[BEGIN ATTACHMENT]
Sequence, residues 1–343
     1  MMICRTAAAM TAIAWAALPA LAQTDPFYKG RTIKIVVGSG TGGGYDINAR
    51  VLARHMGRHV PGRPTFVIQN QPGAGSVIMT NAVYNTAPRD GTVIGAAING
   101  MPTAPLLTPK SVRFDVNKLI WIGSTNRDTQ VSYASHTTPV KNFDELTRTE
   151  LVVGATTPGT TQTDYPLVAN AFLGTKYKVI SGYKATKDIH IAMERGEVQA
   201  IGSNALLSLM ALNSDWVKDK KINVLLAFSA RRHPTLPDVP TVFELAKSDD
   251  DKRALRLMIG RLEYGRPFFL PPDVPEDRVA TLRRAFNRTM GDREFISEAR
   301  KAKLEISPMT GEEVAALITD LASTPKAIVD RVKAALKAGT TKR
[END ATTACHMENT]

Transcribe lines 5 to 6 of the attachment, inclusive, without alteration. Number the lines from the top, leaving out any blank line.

   151  LVVGATTPGT TQTDYPLVAN AFLGTKYKVI SGYKATKDIH IAMERGEVQA
   201  IGSNALLSLM ALNSDWVKDK KINVLLAFSA RRHPTLPDVP TVFELAKSDD